Jul 03, 2019 1:00 PM


Allie Grossmann, MD, PhD

Utah has the highest rate of melanoma in the United States. Melanoma is an aggressive skin cancer that spreads quickly. Factors including high altitude and a population that enjoys outdoor recreation, like skiing and hiking, contribute to high rates of melanoma among Utahns.

Allie Grossmann, MD, PhD, Huntsman Cancer Institute (HCI) researcher and assistant professor of pathology at the University of Utah (U of U), focuses on identifying better ways to treat this lethal cancer. In a study recently published by the journal Cancer Research, Grossmann details one of the factors behind how and why melanoma metastasizes so quickly.   

“Melanoma arises from the pigmentation cells of the skin. Those cells, called melanocytes, produce brown pigment to help protect our skin from sun damage. But melanocytes can transform into melanoma cells,” explained Grossmann. Melanocytes have an inherent capacity to migrate all over the body and retain that ability following malignant transformation. Melanoma is able to spread to distant sites in the body earlier than most cancer cells.

The mechanism tumors use to spread around the body, or metastasize, is a hallmark of what makes cancers lethal. Early metastasis from primary tumors is a long-standing clinical conundrum in melanoma.

Grossmann wanted to know what drives melanoma cells to spread. Her study found that a protein called ARF6 contributes to early metastatic processes in melanoma. The most common form of melanoma is associated with changes in a cancer-causing gene known as BRAF that can signal the tumor to grow and spread to other areas of the body. Grossmann explained, “In general, we know that with melanoma and other cancers, the larger the primary tumor, the higher the chances of developing distant metastasis. However, activated ARF6 can promote metastasis independently of tumor size.” The study also found that ARF6 facilitates the ability of tumor cells circulating in the bloodstream to invade and grow in distant organs.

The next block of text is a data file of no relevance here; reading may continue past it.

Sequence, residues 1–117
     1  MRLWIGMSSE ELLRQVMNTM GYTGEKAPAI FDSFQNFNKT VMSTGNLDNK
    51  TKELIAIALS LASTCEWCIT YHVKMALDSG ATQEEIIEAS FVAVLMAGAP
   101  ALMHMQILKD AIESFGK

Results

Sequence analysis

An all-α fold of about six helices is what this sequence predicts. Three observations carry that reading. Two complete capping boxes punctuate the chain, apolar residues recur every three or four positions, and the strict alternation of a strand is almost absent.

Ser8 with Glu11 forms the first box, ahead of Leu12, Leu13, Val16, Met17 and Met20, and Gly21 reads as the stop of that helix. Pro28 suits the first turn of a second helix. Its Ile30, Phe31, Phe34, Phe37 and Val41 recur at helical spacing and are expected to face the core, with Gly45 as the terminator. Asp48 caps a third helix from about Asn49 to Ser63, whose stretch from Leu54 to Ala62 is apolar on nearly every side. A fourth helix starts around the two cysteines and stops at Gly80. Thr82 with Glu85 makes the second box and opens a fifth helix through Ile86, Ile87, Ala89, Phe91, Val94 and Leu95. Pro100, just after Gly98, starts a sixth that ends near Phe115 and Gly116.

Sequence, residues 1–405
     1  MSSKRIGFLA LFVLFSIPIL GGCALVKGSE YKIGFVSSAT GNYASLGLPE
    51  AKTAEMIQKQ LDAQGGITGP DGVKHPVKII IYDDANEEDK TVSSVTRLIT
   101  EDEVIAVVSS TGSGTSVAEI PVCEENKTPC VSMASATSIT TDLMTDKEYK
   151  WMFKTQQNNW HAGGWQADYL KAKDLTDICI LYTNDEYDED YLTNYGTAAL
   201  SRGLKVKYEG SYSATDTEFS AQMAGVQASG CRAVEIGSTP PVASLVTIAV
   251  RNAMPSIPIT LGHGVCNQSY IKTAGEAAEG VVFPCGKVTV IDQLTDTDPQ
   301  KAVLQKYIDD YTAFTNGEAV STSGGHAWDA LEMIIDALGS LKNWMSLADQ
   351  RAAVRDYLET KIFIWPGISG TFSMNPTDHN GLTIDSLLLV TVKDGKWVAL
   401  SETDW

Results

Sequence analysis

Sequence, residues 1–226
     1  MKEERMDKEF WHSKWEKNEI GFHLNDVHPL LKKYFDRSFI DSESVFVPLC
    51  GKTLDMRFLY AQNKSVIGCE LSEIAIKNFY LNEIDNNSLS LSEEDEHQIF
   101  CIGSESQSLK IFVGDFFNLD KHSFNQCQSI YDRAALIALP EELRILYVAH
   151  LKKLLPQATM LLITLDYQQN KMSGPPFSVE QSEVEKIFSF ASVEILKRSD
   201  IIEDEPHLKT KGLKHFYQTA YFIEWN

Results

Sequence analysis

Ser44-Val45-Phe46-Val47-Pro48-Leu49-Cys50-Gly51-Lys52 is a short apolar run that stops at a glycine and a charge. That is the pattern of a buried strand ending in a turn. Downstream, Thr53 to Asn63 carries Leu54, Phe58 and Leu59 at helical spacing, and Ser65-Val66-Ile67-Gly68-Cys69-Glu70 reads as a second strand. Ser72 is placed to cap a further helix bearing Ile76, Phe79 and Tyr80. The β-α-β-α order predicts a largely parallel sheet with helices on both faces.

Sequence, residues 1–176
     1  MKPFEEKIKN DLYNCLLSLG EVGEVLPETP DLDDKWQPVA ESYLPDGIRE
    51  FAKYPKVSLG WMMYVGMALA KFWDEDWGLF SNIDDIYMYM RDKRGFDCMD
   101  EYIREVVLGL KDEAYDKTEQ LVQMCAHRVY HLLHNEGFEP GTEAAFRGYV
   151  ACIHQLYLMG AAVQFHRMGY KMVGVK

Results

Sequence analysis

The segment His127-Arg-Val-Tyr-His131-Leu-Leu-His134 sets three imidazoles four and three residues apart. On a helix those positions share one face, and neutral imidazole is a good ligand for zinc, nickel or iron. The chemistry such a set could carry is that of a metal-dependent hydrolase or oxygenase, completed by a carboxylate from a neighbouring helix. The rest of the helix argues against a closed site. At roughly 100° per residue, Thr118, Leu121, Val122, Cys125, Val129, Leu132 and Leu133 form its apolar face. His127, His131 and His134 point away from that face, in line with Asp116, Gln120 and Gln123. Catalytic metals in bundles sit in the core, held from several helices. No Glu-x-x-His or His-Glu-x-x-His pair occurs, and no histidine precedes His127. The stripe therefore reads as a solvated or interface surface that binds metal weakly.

“I think the takeaway from this study is that ARF activation is crucial for early melanoma spreading, regardless of tumor size” Grossmann said. She added that drugs targeting ARF6 are in preclinical development, making these agents potential options for future therapeutic use. 

Grossmann would like to acknowledge the work of study collaborators in the Holmen Lab, led by Sheri L. Holmen, PhD, HCI researcher and professor of surgery at the U of U, and the Odelberg Lab, led by Shannon Odelberg, PhD, HCI researcher and assistant professor of internal medicine at the U of U.

The research is supported by the National Cancer Institute P30CA042014; National Institutes of Health; Melanoma Research Alliance; Harold J. Lloyd Charitable Trust; and Huntsman Cancer Foundation.

melanoma cancer research